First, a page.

‘Sound expressive of something’ focuses on the musical character of the ‘Tune of the Fairies’, so called. The composition was circulating in Monmouthshire in Jones’s day. Whatever its origin, it possessed peculiar and distinctive features. Whether Jones had heard it for himself, or merely heard tell of it, he recalled that its tune was difficult to learn, ‘well-composed’, ‘made of curious parts: the bass and tenor well-answering to one another, and somewhat brisk and long’. He was surprised that the young girl – who had on so many occasions danced with the fairies to their music – had not remembered any of the tunes that they played. Perhaps, the complexity of the melodic lines – which, it was said, made ‘Tune of the Fairies’ difficult to learn – was a feature of all their music and, therefore, proved a challenge to recall.
My composition comprises two melodic lines running in parallel and ‘answering to one another’. The form of each is, relatively speaking, long and complex. They proceed as a series of synchronic loops, the iterations of which are sufficiently prolonged as to conceal, to a large extent, the audient’s awareness of the process of repetition. The composition fades at the close, suggesting that the tune could go on and on. The melodic lines derive from two micro-samples taken from a hyper-stretched recording of Jones’s discussion about the ‘Tune of the Fairies’ being read. The samples are processed differently with respect to re-equalisation, harmonic extraction, and general colouration, such that they sound at one and the same time related but distinct.
P. W. lived at the Ship in Pontypool, and was born, also, in Trevethin parish. She was an honest, virtuous woman who, when a young and going to school, at one time saw the fairies dancing in a pleasant dry place under a crab-tree. She saw them like children, much of her own size. Hearing pleasant music among them, she went to them, and was induced to dance with them. She brought them unto an empty barn to dance. This she did at times, both going and coming from school, for three or four years. Though she danced so often with them, yet she could not hear the sound of their feet; (they were spirits, and had no feet to sound with). Therefore, she took off her shoes that the might not make a sound with her feet (which she imagined was displeasing unto them). Some in the house, observing her stockings, said: ‘This girl walks in her stockings to school’. But she did not tell them of her adventure with the fairies. They had all blue and green aprons, all of a small stature, and looked oldish.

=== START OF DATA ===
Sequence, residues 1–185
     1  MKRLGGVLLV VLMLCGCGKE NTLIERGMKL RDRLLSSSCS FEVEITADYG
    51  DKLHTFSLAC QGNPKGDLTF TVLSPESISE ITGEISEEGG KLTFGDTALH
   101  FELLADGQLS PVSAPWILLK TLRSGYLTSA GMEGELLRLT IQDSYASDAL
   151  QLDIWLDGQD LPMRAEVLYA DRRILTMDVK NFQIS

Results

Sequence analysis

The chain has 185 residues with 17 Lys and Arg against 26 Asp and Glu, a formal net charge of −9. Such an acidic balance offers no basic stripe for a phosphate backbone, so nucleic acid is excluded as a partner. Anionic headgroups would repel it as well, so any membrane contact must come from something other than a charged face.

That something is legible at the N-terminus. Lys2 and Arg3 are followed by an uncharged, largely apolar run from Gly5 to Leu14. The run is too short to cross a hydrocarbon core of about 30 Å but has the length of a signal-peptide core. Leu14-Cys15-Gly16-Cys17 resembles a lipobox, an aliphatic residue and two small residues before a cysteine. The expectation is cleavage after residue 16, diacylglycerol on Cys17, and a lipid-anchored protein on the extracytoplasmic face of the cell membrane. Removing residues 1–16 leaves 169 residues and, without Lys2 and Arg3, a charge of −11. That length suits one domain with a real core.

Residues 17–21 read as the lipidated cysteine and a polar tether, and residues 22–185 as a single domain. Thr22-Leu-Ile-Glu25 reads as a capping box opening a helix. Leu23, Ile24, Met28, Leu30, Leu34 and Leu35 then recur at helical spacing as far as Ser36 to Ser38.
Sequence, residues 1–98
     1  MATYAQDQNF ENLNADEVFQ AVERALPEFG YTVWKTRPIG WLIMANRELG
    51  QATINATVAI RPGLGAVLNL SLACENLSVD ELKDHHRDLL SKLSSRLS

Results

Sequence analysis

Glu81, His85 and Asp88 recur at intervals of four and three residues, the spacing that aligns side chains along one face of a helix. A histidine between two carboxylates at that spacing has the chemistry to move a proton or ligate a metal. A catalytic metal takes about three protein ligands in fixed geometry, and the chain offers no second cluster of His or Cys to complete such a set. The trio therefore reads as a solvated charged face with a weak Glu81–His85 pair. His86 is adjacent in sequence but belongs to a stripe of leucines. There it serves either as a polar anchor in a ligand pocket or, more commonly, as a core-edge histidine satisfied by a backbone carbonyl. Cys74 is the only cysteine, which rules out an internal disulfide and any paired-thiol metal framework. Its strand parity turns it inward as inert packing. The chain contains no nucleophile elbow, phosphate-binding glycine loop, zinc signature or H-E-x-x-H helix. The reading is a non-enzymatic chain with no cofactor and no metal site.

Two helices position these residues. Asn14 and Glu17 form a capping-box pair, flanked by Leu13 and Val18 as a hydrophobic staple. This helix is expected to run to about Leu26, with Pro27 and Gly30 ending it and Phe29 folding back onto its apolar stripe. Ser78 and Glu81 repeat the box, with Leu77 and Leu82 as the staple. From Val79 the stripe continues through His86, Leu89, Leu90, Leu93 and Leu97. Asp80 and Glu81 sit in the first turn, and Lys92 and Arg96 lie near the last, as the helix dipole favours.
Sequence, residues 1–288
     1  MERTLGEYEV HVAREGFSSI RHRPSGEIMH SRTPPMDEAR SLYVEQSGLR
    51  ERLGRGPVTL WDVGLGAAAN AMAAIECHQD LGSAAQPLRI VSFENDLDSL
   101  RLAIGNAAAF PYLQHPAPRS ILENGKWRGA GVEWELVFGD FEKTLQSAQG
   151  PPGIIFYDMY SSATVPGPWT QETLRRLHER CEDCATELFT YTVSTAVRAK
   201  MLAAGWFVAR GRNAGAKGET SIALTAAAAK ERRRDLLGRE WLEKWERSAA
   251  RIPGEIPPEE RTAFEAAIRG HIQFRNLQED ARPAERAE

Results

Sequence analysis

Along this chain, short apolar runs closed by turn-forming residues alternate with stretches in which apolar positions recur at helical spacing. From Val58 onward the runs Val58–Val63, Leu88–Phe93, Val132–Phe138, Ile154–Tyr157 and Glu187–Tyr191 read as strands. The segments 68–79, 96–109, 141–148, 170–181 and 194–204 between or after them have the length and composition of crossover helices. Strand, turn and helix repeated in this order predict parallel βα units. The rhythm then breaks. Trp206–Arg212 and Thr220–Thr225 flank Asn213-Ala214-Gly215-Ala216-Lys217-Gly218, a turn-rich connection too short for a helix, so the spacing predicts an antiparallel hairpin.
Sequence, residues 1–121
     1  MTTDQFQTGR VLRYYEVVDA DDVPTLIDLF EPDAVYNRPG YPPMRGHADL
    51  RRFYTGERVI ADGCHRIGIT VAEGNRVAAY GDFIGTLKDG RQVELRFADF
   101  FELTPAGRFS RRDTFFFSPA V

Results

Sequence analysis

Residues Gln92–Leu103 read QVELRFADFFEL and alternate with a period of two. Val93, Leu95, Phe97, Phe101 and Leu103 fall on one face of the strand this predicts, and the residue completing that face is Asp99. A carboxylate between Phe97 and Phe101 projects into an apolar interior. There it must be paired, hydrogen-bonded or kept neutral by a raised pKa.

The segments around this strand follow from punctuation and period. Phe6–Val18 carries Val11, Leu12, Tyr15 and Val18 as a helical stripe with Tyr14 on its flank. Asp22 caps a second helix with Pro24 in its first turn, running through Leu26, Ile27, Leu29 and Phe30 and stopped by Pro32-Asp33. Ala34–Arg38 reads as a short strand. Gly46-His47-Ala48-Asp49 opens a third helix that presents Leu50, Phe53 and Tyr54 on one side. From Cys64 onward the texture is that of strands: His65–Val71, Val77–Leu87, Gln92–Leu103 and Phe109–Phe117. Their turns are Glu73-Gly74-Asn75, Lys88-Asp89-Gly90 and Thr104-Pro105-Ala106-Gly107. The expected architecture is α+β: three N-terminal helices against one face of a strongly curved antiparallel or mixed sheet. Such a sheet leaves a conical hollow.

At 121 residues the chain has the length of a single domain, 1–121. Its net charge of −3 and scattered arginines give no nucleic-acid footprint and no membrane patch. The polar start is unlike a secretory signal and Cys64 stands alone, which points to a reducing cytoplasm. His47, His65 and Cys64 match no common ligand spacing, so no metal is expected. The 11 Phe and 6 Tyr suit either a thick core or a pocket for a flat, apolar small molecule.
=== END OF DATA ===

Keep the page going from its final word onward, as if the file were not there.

They might well look oldish, as having their existence long before (none on earth knows how long). Neither doth the appearance of youth and beauty become the children of darkness. To appear young and glorious is the property of the angels of Heaven, and not of the spirits of hell who live in sin and misery – even of those who are least in the hellish state, and but just in it on the other side of the unpassable gulf between Heaven and hell, mentioned by our saviour (who perfectly knows Heaven and hell, and all the devils in hell). For there are many sorts of them – some worse than others – as our saviour declares: ‘This kind can come forth by nothing but prayer and fasting’ (Luke 16.26, Mark 9.29).
All the spirits of hell cannot make as good appearance and divert themselves in the hellish state, as the fairies do (who are nothing else, after all the talking about them, but the disembodied spirits of men who lived and died without the enjoyment of the means of grace and salvation). When she gave over going to them to dance, they showed their displeasure. And because they could not prevail, they did hurt her by dislocating one of her walking members (which was afterward put in place). Here is one instance of their malignity, and shows to whom they belong.
But, it seems, this girl – who was so long with them, and heard the music so often – learned none of their tunes. Yet, there is in the county a tune called the ‘Tune of the Fairies’. Perhaps it is a tune learned from them (which they say was very difficult to do), or a name devised and given to the tune from mere fancy. The tune which goes by this name is (in my apprehension) a well-composed tune of curious parts: the bass and tenor well-answering to one another, and somewhat brisk and long. If it was learned from the fairies, it may justly be apprehended to have something very curious in the composition, and the sound expressive of something – if not in their condition, yet of something in their disposition – which a curious mind would have some delight to know. But, at present, it is one of the innumerable things of eternity not to be known in the course of time.
'The Appearance of Evil', 116–17.
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